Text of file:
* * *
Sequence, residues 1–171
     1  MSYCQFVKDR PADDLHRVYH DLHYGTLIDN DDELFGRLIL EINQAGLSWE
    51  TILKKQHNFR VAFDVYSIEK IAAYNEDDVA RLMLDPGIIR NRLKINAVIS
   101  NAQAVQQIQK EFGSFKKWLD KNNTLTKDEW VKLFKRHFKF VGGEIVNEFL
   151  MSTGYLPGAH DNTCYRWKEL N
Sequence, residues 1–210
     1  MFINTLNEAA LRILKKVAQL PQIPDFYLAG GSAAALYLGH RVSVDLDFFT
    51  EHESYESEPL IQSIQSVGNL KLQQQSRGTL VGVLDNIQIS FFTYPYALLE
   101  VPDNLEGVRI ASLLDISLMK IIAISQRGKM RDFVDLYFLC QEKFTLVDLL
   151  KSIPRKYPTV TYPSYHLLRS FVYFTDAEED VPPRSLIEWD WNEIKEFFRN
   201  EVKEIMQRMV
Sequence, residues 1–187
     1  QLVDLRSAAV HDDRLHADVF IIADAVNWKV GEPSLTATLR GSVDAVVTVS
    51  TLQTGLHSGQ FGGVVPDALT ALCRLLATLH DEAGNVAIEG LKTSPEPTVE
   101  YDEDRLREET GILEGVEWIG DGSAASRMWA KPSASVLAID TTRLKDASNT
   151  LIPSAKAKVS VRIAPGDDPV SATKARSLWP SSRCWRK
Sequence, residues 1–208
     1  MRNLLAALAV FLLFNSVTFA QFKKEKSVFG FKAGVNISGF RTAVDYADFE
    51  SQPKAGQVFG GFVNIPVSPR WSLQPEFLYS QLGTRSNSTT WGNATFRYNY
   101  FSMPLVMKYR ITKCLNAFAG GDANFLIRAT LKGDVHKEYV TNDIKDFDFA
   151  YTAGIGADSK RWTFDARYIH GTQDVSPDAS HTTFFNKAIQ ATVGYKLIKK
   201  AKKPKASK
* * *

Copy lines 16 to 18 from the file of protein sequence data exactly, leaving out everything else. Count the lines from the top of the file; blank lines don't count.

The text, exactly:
   151  LIPSAKAKVS VRIAPGDDPV SATKARSLWP SSRCWRK
Sequence, residues 1–208
     1  MRNLLAALAV FLLFNSVTFA QFKKEKSVFG FKAGVNISGF RTAVDYADFE